COMMENTARY | When they betray the people who trust them


Every election, the voting populace especially the poor are eager to see how their candidates, whom they believe to be the least evil running among members of the elite, will fare in the political arena. Last election, many people of Baguio, who are mostly from the urban poor were glad that there was new face in the representation of the City to the House of Congress.
One of the promises he made is to author legislation that would address what the Baguio people really want and need. For some, they see him as a better leader who would bring real progress.

The problems in the City include over development, congestion, traffic jams, garbage, lack of political will, unreliable officials and so on.

For the urban poor, apart from the fear of going hungry, they are always wary of losing their homes and sources of livelihood. Many of them come from the adjacent towns and provinces in the Cordillera and Ilocos regions and even from Visayas and Mindanao. They flocked to the City because they thought there would be better opportunities for them. Some of them were forced to leave their villages because of the armed conflict, land grabbing and extreme poverty.

But their dreams of a better life became a nightmare. They were welcomed by poverty and uncertainty. They had to find ways to cope with the lack of jobs, high costs of living and no land to call their own. Many of these urban poor are forced to build their houses and develop vacant and idle lands.

Through the years of occupying these lots, they are constantly faced with threats of demolition by the City government because these lots are classified as either public land or privately owned.

Many of the privately owned lots are covered by fraudulent titles like the case of lands covered by 211 titles. These titles are issued under Civil Reservation Case No. 1, GLRO, Record No. 211, pursuant to Republic Act 931, as amended, and as provided under P.D. 1271, amended.

On July 31, 1973, the Supreme Court of the Philippines declared all titles issued under 211 as void as they were issued by court decrees. It is understood that titles, to be valid, should be acquired through administrative legalization in the appropriate administrative agencies. Years and decades before the SC decision, Baguio courts issued 2-11 land titles.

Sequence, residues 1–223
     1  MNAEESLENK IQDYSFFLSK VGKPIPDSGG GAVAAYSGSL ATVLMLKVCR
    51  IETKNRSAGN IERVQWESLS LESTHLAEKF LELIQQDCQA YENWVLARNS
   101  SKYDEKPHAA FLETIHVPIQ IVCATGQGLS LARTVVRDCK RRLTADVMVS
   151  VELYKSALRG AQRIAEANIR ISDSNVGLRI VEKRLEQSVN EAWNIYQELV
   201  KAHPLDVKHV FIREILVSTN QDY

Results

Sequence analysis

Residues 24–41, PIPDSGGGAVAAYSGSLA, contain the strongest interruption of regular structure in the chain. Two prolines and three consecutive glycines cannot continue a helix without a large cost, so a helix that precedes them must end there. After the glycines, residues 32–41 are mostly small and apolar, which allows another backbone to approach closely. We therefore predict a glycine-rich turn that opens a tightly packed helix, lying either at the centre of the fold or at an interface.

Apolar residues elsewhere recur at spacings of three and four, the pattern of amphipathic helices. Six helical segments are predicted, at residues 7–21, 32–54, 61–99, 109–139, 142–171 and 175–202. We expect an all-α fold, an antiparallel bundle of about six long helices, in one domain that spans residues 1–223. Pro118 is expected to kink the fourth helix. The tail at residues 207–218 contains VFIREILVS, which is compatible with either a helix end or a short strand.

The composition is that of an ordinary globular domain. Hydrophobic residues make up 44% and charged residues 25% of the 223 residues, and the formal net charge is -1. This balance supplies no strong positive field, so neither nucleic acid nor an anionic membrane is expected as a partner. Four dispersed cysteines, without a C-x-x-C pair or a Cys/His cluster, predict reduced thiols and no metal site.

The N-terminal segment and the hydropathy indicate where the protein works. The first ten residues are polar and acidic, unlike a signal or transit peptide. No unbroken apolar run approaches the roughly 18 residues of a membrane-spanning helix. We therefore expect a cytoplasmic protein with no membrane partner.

But owners of 211 titles were given a chance to validate their land claims. The cut-off period of extended validation of such titles was on February 6, 1987.

General Land Registration Office (GLRO) Record No. 211 shows that the 11,500,000 square meters total land area of Baguio is covered by both validated and unvalidated 211 titles. Some 8,500 land titles under 211 in Baguio.

Of these he said, 6,000 applied for validation where 4,000 were approved. He added that 2,000 are still pending for validation.

These lots are mostly occupied by the urban poor and were deemed reverted to the government and even declared by the City Council as alienable and disposable.
With these developments, somehow the people were able to sleep better.

And so the City representative, continued to do his job of passing bills for the benefit of the people. And the people were glad.

Until months ago, when the House of Representatives approved on final reading a bill which will allow 211 title holders to file for validation.

As some city official said, if passed into law, this would create a rucus in the City, between 211 title holders and actual occupants. Even an ally of the City representative said that the people should have been consulted first before the bill was passed.

For the bill to become a law, the Senate would pass a counterpart bill and then both houses will come out with the final bill to be signed by the President.

Just as this article is being written, someone called informing me that some houses are being demolished in Barangay Irisan.

So the nightmare is back.

It is again election time, and the voting public are again faced with the burden of choosing the lesser evil among the political candidates.

Again, the painful lesson voters have yet to learn that their job does not end after the elections. That more than electing the ‘lesser evil’, it is more important to maintain an open communication with their elected officials, to make their voices heard and to keep their officials aware of their situation and issues.#


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